Surrealism And Neorealism

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From a realist perspective, decisions by governments (or “states”) to go to war are the product of all states’ involuntary participation in eternal quests for power and security due to an international political environment in which each state fears the actual or potential hostility of other states. Leaders rationally calculate war’s costs and benefits in terms of their state’s power and security (Lieberfeld, 2005).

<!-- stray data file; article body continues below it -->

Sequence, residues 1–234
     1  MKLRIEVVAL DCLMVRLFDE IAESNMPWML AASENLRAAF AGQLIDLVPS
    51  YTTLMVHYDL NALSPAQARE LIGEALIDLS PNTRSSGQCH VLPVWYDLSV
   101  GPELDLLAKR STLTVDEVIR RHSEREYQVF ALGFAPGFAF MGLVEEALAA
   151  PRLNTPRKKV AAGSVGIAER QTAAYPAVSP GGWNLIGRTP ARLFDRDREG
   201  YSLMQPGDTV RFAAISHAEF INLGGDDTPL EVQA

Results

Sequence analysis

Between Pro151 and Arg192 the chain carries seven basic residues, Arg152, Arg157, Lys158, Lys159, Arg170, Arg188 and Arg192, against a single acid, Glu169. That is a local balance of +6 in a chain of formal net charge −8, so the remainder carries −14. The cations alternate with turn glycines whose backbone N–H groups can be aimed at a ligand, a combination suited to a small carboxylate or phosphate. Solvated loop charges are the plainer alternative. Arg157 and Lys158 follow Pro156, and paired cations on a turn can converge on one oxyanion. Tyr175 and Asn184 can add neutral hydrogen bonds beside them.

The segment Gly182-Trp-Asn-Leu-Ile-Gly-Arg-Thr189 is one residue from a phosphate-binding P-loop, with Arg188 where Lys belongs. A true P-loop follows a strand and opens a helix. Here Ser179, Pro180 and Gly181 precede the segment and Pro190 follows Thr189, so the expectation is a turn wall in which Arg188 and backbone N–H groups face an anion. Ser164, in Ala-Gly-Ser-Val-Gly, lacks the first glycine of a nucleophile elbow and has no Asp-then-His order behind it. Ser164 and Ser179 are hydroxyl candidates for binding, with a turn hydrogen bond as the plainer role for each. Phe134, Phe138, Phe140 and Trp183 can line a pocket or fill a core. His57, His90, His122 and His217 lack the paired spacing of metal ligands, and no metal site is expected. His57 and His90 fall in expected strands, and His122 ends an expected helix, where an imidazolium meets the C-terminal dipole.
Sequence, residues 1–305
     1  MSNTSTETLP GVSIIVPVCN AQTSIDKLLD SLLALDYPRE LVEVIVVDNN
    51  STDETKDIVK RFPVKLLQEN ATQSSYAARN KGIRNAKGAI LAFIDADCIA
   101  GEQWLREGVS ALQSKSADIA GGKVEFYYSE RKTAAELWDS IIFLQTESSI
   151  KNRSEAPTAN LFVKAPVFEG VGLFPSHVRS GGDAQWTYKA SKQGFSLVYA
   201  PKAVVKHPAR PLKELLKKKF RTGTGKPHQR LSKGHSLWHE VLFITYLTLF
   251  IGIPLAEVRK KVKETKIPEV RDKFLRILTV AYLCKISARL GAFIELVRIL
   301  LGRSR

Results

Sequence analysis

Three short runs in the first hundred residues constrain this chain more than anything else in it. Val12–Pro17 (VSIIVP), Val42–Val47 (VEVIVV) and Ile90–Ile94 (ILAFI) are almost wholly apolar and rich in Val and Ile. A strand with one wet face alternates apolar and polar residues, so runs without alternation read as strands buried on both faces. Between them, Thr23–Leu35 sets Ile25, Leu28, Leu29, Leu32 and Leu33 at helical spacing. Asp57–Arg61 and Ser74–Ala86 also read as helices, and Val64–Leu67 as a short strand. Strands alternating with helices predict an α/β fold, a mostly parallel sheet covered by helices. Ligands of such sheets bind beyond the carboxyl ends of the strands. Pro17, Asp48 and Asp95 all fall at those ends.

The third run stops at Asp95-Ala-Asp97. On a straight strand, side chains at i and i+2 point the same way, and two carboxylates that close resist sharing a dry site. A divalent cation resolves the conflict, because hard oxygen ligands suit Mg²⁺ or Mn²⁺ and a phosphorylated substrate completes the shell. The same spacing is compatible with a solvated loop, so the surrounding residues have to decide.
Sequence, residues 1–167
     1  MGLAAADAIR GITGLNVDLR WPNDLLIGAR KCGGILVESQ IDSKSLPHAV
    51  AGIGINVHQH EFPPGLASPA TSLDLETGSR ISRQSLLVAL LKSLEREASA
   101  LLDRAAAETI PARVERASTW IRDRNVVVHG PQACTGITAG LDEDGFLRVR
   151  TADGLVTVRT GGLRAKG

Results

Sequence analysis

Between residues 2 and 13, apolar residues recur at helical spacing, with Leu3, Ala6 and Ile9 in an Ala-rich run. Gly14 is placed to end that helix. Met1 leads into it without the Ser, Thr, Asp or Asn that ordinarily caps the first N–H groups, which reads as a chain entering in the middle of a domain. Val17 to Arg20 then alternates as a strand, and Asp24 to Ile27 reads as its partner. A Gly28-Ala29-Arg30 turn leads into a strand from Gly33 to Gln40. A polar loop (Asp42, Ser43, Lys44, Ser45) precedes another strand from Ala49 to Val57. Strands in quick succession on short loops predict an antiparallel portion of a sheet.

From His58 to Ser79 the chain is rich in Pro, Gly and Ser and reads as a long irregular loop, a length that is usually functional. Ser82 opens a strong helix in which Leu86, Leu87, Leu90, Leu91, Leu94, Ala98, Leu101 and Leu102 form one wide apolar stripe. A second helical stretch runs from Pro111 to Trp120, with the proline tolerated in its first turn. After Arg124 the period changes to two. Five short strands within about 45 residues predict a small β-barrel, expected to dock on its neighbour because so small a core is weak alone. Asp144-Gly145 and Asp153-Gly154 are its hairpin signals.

Therefore, realism sees the states work in an anarchical system, meaning in the absence of higher, trans-governmental and universally recognizable authority no rules are applied in the international realm. The state exists as a full sovereign of its people and territory, and which enjoys the ultimate power of being completely self-determined. By taking into account Waltz’s structure of the international system, there are three elements that define it; its “ordering principle,” “the character of the units” that compose it, and “the distribution of capabilities” between these units. For the neorealist two of these elements never change. Neorealism considers the international system to be permanently anarchic because of the absence of a superior authority, and believes that all the units, or states, are “functionally alike” (Elman in Williams, 2008: 18). The other assumption is that politics is driven by law of human behavior- the mix of urges like the drive for powers, will to dominate, self-interest and ambition. How does all of this help us understand war?
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